Again my suggestion is iNove since you can turn the sidebar off. That gives you about 900px in width in the post area to work with.

  6. I happened to find this page, "Maximum displayed image width":
    http://wpbtips.wordpress.com/2009/07/23/maximum-image-width/

    Using the info from that page I found two free WordPress.com, left-sidebar themes with fixed-width columns that did not automatically resize images:

    Andreas 09
    Garland

    I previewed them both on my blog. Unfortunately, they clip the longer images at the right margin where they bump up against the right sidebar. I don't know if the images would not be clipped if there were no right sidebar.

    I wonder if anyone with custom CSS capability has tried removing the right sidebar with either of those themes, and noted if images are still clipped.

  7. Again, generally good CSS practice is to do a overflow: hidden; in the CSS so that if there is an issue in one element, it will not overrun and mess up other elements. How many themes here have overflow: hidden; on the post area and how many do not I do not know.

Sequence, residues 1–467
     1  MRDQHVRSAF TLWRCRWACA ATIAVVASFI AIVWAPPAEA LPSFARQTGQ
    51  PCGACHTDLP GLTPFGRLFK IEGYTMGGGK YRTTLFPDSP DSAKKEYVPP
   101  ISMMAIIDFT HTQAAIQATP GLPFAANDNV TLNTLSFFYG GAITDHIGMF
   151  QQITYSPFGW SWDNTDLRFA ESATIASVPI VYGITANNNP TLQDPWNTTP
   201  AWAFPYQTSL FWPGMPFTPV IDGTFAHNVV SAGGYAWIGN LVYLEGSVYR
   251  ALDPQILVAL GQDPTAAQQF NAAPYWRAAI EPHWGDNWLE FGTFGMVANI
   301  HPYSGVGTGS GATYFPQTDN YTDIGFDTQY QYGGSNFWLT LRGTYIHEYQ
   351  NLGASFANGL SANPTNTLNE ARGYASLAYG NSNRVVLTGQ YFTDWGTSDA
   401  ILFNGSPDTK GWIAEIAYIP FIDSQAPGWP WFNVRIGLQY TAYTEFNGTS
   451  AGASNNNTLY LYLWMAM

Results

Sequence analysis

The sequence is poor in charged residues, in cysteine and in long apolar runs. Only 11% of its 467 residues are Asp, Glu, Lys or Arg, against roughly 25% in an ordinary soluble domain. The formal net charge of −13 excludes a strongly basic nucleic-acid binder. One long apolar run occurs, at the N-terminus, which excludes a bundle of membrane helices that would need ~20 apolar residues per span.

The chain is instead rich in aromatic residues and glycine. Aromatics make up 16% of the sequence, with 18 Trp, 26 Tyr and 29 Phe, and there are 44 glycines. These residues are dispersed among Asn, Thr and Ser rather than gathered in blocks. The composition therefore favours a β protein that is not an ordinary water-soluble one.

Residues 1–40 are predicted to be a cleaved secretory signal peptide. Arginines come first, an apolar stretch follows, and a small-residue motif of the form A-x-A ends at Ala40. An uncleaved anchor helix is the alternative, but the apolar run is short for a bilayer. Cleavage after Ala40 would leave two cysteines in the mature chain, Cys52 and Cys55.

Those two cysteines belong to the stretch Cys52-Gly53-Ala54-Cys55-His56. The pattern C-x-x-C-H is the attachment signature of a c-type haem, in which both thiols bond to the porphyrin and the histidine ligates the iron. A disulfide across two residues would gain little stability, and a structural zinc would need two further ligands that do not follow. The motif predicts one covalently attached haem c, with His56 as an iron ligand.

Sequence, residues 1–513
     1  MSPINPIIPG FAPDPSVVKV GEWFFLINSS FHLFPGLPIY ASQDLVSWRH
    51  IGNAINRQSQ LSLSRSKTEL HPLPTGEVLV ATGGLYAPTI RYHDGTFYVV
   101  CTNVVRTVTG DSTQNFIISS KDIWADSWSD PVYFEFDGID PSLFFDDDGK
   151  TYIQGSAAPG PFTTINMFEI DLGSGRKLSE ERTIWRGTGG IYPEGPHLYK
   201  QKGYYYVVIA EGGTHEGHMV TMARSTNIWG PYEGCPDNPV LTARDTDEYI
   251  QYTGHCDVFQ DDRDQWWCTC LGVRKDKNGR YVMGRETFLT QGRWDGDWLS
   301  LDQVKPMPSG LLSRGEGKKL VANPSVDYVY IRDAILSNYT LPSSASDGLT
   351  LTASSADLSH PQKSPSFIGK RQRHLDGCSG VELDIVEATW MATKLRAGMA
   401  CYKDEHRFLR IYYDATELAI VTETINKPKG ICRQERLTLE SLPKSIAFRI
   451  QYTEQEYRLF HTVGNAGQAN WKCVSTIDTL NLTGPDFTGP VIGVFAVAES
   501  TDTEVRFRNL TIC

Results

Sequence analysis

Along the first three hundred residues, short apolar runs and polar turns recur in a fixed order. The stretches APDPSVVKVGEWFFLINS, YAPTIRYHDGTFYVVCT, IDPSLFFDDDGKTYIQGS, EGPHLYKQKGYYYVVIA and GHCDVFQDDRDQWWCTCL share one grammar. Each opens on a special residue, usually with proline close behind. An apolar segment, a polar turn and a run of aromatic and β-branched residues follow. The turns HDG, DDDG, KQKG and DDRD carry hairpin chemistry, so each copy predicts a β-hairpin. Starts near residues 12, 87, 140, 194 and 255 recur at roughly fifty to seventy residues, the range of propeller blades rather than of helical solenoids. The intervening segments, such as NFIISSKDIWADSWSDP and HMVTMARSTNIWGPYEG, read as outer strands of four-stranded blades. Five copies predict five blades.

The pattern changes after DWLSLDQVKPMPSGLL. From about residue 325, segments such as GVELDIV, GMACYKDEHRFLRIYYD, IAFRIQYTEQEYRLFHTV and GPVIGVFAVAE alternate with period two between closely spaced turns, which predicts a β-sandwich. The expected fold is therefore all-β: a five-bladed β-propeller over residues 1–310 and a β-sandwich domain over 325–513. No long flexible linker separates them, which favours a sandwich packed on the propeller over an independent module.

8. I really want a left sidebar. They are great navigation tools.

    I missed one of your comments as I was writing and posting one of mine. I just previewed the iNove theme. It is one of those fixed-width themes that automatically resizes images to a maximum size. It is maximizing the width at 600 pixels.

    I will have to research overflow: hidden. I am studying CSS for a regular website too, and not just this blog site. This is very useful info. Left sidebars via HTML tables work poorly with extra-long images in the main area of a regular web page. The image will move all the way down to the bottom of the left sidebar if it is too long.

    Blog sidebars don't do that since they are tableless CSS, I believe. My blog here can be viewed at any screen resolution without problems. The image just has to be scrolled horizontally.

  9. Blog sidebars will typically move to the bottom if stuff in the post area overflows into the sidebar area. People have come to the forums here complaining of that all the time, but it is less of an issue now since wordpress I believe has added overflow hidden to most all themes to keep that from happening.

    With the images, you can bypass the sizing by uploading them to the media library and then inserting them via URL instead of selecting them from the media library.

  10. The largest image on the http://healthcharts.wordpress.com/costs page is
    708 by 424. That is the full size of the image.

    I had some problems when I tried various themes when I first created the blog. Just changing the theme caused the images to be resized on the page. Going back to the previous, non-problematic Sandbox theme did not return the image to full size.